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fundamental theorem of calculus for Riemann integration
In this entry we discuss the fundamental theorems of calculus for Riemann integration.
First Fundamental Theorem of Calculus  Let $f$ be a Riemann integrable function on an interval $[a,b]$ and $F$ defined in $[a,b]$ by $F(x)=\int_{a}^{x}f(t)\,dt+k$, where $k\in\mathbb{R}$ is a constant. Then $F$ is continuous in $[a,b]$ and $F^{{\prime}}=f$ almost everywhere.
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Second Fundamental Theorem of Calculus  Let $F$ be a continuous function in an interval $[a,b]$ and $f$ a Riemann integrable function such that $F^{{\prime}}(x)=f(x)$ except at most in a finite number of points $x$. Then $F(x)F(a)=\int_{a}^{x}f(t)\,dt$.
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0.1 Observations
Notice that the second fundamental theorem is not a converse of the first. In the first we conclude that $F^{{\prime}}=f$ except in a set of measure zero, while in the second we assume that $F^{{\prime}}=f$ except in a finite number of points. In fact, the two theorems can never be the converse of each other as the following example shows:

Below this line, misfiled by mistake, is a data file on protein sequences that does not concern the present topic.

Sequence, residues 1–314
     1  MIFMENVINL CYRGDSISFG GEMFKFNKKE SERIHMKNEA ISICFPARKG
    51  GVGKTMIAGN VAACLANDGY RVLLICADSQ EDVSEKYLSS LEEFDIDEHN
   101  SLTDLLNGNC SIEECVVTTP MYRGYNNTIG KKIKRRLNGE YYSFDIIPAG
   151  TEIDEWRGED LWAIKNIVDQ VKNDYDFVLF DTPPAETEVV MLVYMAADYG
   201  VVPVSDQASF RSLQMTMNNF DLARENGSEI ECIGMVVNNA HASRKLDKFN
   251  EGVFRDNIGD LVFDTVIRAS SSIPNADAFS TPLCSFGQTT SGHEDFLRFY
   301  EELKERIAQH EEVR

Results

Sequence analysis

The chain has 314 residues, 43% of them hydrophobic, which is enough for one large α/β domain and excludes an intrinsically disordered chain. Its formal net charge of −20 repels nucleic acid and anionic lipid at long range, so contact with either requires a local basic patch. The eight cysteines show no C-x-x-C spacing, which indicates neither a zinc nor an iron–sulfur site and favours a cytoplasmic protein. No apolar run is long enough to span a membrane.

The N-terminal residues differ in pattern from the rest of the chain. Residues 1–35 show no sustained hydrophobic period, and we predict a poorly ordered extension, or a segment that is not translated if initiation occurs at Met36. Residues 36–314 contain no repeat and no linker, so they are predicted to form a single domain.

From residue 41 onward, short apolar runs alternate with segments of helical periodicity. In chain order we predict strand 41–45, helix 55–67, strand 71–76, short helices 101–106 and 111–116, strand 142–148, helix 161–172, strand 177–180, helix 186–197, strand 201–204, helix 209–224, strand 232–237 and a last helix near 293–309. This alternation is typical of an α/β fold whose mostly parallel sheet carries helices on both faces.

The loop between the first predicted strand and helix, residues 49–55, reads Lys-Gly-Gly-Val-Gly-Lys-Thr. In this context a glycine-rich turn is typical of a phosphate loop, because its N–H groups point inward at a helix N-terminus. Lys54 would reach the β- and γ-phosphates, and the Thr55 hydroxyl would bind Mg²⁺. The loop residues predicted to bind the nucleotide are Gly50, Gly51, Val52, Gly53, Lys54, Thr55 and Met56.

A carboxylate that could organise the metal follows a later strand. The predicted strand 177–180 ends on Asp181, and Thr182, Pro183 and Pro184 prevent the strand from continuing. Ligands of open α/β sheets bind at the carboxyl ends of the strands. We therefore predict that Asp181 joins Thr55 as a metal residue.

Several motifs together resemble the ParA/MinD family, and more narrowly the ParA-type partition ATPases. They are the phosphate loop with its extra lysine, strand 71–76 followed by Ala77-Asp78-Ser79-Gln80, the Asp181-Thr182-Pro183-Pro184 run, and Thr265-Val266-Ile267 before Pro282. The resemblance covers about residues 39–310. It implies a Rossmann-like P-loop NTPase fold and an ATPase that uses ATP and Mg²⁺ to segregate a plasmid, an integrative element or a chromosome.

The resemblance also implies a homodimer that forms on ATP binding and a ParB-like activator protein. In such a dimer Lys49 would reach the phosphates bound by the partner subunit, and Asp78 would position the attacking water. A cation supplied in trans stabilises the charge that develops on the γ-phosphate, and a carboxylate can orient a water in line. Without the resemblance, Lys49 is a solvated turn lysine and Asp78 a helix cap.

Example : Let $F$ be the devil staircase function, defined on $[0,1]$. We have that

$F$ is continuous in $[0,1]$,

$F^{{\prime}}=0$ except in a set of measure zero (this set must be contained in the Cantor set),

$f:=0$ is clearly a Riemann integrable function and $\int_{0}^{x}0\,dt=0$.
Thus, $F(x)\neq\int_{0}^{x}F^{{\prime}}(t)\,dt$.
This leads to the question: what kind functions $F$ can be expressed as $F(x)=F(a)+\int_{a}^{x}g(t)\,dt$, for some function $g$ ? The answer to this question lies in the concept of absolute continuity (a property which the devil staircase does not possess), but for that a more general theory of integration must be developed (the Lebesgue integration).
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